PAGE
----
Can Poor Survive In Our Country

Today poverty is increasing as country is developing . Expenditure on vegetables is rising. Urban Indians’ expenditure on vegetables is more than that on protein-rich items or on sugar. The same holds for rural Indians. India is the second largest producer, after China, of vegetables and fruits in the world. Something is seriously wrong in the veggie economy. Vegetable prices have, in fact, been rising impressively over the last five years, irrespective of monsoon performance.

As for dal, we are in a jam. India’s pulse production has been flat-lining for 30 years. So, pricier pulses are not a surprise at any time. There are limited import options for pulses and whenever price expectations in food economy are on the higher side. Already the price of some vegetables are rising high to add to this the price of cereals are also increasing and among it the arahar dal is topping the list which doubled as compared to the past and becoming out of reach for the middle class is not at all withing the reach of poor .

If nothing is done soon to content the price very soon many lives are going to starve and malnourishment is on the way and many more going to come especially those who are relying on the cereals entirely for whom vegetable are not in their reach. It is not so for the higher class for whom its very easy to procure it even if price is higher but if difficult for the middle class like us .even I rely on the cereals like all and even I am finding it difficult ;leaving some cereals the most sought and fed upon cereals are riding high as price is compare.

Temperature in most parts of the country this year has been 3-4 degrees above normal for the last three months. This has cut the output of expensive vegetables and fruits and their already high prices are unlikely to east in the near future. Prices of potatoes and tomatoes are also ruling high. The Union finance minister has said so, holding lower production and a consequential supply shortage responsible for the high price of pulses, oilseeds, sugar and some other commodities. The domestic production of pulses is woefully short of requirement. Though the government has allowed duty-free import of pulses, supply in the international market is limited. The scarcity of sugar, on the other hand, is of the government’s making, though the country is in a position to produce enough sugar for domestic consumption and even exports. The same is true also of food grains. The second factor responsible for high food inflation, especially of the consumer price index, is market imperfections in retail. These too cannot be legislated away. Improving retail marketing of food items, both through a wider public distribution system and through a more efficient private retail trade, is the only way in which existing market distortions can be tackled and prices moderated. The government could consider permitting import of vegetables, especially potato and onion, and other commodities.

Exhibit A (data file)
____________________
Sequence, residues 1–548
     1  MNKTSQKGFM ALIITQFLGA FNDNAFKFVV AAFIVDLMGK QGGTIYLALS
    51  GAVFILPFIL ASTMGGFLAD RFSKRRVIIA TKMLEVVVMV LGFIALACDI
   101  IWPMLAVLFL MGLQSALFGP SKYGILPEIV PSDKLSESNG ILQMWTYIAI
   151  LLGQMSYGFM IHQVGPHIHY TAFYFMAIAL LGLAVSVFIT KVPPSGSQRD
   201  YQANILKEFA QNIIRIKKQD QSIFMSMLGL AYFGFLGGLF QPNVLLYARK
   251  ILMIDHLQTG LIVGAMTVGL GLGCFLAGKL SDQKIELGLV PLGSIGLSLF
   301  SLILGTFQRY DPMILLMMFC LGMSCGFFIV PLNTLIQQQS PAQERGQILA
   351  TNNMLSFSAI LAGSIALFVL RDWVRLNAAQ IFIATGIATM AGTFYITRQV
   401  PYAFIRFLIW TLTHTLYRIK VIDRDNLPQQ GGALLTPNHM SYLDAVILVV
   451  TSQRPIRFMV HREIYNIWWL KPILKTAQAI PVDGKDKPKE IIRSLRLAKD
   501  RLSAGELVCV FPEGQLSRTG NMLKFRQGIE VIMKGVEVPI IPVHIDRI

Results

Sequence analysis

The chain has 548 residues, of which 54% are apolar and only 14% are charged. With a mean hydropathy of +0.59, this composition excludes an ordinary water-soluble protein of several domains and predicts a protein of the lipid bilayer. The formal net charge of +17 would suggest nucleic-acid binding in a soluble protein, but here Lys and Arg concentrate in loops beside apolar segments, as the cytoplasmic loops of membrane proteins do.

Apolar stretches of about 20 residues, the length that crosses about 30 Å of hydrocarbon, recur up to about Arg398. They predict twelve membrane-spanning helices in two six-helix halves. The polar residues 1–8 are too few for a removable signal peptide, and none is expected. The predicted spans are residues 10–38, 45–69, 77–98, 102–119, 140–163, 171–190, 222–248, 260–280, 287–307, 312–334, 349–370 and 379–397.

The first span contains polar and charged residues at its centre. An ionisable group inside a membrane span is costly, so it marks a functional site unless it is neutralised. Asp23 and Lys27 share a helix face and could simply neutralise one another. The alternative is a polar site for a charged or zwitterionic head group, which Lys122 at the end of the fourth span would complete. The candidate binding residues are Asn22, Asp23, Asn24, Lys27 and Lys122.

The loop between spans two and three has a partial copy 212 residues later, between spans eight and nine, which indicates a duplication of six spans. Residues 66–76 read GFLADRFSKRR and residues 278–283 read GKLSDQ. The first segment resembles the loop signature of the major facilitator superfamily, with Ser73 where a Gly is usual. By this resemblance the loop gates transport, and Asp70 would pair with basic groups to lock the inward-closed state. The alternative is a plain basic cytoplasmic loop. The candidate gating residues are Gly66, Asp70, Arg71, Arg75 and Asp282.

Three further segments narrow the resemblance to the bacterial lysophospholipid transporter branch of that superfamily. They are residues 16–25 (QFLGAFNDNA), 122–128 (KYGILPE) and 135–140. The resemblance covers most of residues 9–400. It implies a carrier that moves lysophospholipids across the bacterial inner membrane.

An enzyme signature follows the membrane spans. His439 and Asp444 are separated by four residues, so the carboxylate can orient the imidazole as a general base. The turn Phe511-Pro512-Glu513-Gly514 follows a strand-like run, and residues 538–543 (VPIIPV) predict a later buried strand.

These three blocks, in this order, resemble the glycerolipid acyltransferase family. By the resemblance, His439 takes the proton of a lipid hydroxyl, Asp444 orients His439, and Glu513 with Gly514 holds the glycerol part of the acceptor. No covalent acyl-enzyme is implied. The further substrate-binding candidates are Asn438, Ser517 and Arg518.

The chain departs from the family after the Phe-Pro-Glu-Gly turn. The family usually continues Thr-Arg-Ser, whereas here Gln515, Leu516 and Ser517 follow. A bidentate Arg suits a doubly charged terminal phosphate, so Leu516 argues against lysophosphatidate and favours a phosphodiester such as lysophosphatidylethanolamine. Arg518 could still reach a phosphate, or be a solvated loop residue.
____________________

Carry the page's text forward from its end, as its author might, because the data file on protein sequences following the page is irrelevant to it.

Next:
And with the government moving in a suspiciously slow manner over tackling these issues, the common man’s pockets are not likely to breathe easy anytime soon.
Mrs Arora says that she has stopped buying which are high in prices and has started buying veggies like spinach. Not only she but many housewife’s are being affected by price rise in veggies and cereals and cut down their budgets. And those who are below poverty line think about those families and houses, how they will be surviving and running their house? Its a curse upon poor people because they cant even buy things which are basic and common.

How long will this price rise last?

Can a poor survive in this inflation?

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